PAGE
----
Andrew Jay McClurg, Bringing Privacy Law Out of the Closet: A Tort Theory of Liability for Intrusions in Public Places, 73 North Carolina Law Review 989-1088 (1995).
“Public privacy” sounds like an oxymoron, but this article asserts a tort theory to enforce just such a right under limited circumstances. Traditionally, courts have refused to recognize a right to privacy in a public place. The author argues that this lack of protection needs to be revisited in a world where good taste and decency have vanished from journalism/entertainment and video cameras and other electronic privacy-invading devices have proliferated.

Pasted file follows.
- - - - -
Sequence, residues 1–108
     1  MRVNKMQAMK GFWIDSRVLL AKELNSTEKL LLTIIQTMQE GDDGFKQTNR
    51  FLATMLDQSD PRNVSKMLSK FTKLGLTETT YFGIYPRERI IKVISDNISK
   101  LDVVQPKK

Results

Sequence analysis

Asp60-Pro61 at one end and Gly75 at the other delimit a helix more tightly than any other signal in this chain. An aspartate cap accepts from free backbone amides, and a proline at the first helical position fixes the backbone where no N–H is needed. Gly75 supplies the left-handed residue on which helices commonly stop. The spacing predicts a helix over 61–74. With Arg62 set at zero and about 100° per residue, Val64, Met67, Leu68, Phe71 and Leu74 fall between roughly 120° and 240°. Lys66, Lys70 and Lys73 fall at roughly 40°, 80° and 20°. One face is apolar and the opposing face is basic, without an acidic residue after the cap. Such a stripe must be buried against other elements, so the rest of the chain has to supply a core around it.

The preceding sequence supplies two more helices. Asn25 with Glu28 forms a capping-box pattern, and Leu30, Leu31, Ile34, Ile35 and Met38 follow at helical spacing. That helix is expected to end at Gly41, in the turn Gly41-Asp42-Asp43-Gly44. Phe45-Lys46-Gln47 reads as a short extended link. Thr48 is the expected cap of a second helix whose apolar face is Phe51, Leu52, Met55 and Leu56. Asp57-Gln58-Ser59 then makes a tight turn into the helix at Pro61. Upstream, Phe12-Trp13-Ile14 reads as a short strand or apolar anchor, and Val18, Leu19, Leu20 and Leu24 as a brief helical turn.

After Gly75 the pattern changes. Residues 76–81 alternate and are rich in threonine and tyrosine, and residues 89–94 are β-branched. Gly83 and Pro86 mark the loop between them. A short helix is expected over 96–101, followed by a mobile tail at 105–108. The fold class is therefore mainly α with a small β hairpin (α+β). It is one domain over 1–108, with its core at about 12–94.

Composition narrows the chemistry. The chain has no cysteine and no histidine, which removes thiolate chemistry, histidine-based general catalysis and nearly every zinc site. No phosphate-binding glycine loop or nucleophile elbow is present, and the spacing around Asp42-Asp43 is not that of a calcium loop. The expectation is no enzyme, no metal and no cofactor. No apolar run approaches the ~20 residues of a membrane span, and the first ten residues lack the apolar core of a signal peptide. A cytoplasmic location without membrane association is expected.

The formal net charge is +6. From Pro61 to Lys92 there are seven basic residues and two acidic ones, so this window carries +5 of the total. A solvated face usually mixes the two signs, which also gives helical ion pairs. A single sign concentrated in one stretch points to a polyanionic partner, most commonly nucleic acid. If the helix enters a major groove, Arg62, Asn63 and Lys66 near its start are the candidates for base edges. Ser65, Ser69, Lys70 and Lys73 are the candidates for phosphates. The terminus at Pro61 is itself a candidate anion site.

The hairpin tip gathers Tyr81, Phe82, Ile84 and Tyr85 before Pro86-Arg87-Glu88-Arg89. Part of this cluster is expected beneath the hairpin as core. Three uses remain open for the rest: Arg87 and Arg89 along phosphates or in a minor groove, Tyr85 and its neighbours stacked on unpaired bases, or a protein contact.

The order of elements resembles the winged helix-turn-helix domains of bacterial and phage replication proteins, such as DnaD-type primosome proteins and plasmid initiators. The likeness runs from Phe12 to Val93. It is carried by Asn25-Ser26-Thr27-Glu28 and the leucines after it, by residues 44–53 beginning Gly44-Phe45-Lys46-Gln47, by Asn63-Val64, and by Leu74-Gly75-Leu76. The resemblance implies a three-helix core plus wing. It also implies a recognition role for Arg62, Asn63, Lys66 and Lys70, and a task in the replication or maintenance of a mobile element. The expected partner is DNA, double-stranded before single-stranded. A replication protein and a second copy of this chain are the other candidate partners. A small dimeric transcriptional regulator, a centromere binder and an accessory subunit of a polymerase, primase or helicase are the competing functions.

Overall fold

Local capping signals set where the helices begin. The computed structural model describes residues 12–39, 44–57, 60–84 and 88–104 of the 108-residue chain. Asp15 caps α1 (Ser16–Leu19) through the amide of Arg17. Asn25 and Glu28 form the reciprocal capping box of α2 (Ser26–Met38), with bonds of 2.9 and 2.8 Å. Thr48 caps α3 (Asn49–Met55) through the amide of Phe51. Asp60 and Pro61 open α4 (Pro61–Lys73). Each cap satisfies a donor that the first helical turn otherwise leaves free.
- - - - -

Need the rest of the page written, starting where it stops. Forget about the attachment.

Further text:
Analyzing the three foundations of privacy—secrecy, solitude, and anonymity—the author explains how and why they need, and are worthy of, legal protection even in some public contexts.
Specifically, he proposes a redefinition of the privacy tort known as “intrusion” (as incorporated in the Restatement (Second) of Torts) that would allow recovery for highly offensive instances of intrusions in public places. He enlists a multi-factor test to assess the offensiveness of intrusive conduct, a standard that balances privacy interests against the countervailing interests of free social interaction and speech.